• A collection of 30 of the most popular solitaire card games combined into one extraordinary game. With beautiful playing cards, full undo and redo of all your moves, automatic game saving, and complete statistics, Most Popular Solitaire is solitaire. ..

    • mostsol.zip
    • Goodsol Development Inc.
    • Freeware (Free)
    • 7.3 Mb
    • Mac OS X 10.4 or later

Related:Solitaire For Mac - Solitaire Mac Osx - Solitaire Mac Downloads - Wiz Solitaire Mac - Solitaire Freeware Mac
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Free Solitaire Games For Mac

Start playing unlimited online games of solitaire for free. No download or email registration required, meaning you can start playing now. Our game is the fastest loading version on the internet, and is mobile-friendly.

  • Play over 500 versions of solitaire - Play Klondike Turn 1, Klondike Turn 3, Spider, Free Cell, Pyramid, and Golf , among many other versions.

  • Undo moves - The chances of winning are between 80 and 90%. However, even if you have a winnable game, if you make one wrong move, it may be the end of your game. If you're stuck, you can undo as many moves as you’d like to get yourself back in the game and win!

  • Change difficulty levels - You can play with turn 1 and turn 3 options. Turn 1 is when 1 card is drawn from the stockpile at a time and is an easier version. Turn 3 is when three cards are moved from the stockpile at time, and is harder because you can only play every third card.

  • Track your moves and time - If you're competitive, you’ll want to track how many moves it takes to win a game, and how long it takes. You then challenge yourself to beat your record times and number of moves. Practice makes perfect!

  • Create a free account - If you’d like, you can register an account to save a game and pick up where you left off on any device. We’ll even track all the games you’ve played, including your time to completion and total number of moves. You’ll can see how you get better over time.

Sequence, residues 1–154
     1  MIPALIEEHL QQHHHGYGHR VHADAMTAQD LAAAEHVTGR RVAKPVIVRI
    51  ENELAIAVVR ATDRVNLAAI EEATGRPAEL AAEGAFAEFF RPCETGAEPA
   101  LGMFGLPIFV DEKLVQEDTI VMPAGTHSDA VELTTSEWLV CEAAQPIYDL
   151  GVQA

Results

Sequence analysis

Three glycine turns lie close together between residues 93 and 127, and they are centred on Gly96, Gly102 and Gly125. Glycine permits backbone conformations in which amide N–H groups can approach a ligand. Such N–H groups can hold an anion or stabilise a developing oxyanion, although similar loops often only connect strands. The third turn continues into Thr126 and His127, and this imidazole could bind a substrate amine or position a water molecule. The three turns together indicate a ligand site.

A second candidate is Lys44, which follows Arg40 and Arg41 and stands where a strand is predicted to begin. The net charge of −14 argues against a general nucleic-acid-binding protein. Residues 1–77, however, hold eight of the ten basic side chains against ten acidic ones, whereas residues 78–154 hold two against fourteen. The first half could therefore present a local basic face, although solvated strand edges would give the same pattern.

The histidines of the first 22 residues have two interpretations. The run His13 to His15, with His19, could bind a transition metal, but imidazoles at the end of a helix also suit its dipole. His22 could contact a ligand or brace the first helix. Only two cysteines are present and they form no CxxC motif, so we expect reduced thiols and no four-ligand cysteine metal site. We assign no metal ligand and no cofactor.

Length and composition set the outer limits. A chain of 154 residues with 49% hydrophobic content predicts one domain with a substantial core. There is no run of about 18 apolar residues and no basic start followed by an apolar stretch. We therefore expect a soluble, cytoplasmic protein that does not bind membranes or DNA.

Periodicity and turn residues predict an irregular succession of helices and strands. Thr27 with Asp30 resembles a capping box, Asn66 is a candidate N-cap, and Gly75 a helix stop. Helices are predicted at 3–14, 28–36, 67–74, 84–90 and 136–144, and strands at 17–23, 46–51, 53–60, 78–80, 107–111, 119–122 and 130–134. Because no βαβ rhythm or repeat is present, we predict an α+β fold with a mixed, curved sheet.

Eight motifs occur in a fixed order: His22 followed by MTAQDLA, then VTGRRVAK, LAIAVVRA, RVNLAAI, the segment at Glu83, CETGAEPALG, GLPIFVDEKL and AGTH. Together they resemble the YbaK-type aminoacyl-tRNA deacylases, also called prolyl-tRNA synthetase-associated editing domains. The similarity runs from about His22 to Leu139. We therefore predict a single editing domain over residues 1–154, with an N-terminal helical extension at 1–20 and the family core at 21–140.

• Play the game of the day - Everyday, we introduce a new winnable game. See how you perform compared to other players.

  • Play on your mobile phone or tablet - Our game works perfectly on any size phone or tablet device, both in vertical and horizontal orientations.

  • Enjoy a clean design and animations - We’ve designed our playing cards to be classic and clean, so they are easy to read as you sequence cards, and our animations keep you engaged. You can also customize designs and playing cards.

If you like classic games, try our other sites: FreeCell Challenge, Spider Solitaire Challenge, Mahjong Challenge, Minesweeper Challenge, and Unscrambled Words.

Solitaire rules and how to play

Game setup: After a 52-card deck is shuffled you’ll begin to set up the tableau by distributing the cards into seven columns face down, with each new card being placed into the next column.

The tableau increases in size from left to right, with the left-most pile containing one card and the right-most containing seven. As an example, this means the first seven cards will create the seven columns of the Tableau. The eighth card distributed will go into the second column, since the first column already has its one and only card.

After the piles are complete, they should be cascaded downwards such that they form a “reverse staircase” form towards the right. Ultimately, you will have seven piles, with the first pilie containing one card, the second pile containing two cards, the third pile containing three cards etc. Only the last card in each of the Tableau columns is flipped over face up so you can see it’s suit, color and value. In our game, this is automatically done for you!

All leftover cards after the foundations are created become the “Stock,” where you can turn over the first card.

Goal: To win, you need to arrange all the cards into the four empty Foundations piles by suit color and in numerical order, starting from Ace all the way to King.

Tableau: This is the area where you have seven columns, with the first column containing one card and each sequential column containing one more additional card. The last card of every pile is turned over face up.

Stockpile: This is where you can draw the remaining cards, which can then be played in the game. If not used, the cards are put into a waste pile. Once all cards are turned over, the remaining cards that have not been moved to either the tableau or foundation can then be redrawn from the stockpile in the same order.

Playing the game:

  1. Face up cards in the tableau or stockpile can be moved on top of another face up card in the tableau of an opposite color that is one rank higher, forming a sequence of cards.
  1. Groups or stacks of sequenced cards in the tableau can also be moved together on top of a card of the opposite color and higher rank.
  1. If a tableau column has only face-down cards remaining, the last card is flipped over and can be played.
Mac
  1. To start a foundation pile, an Ace must be played. Once a foundation pile is started, only cards of that suit can be placed in that specific pile.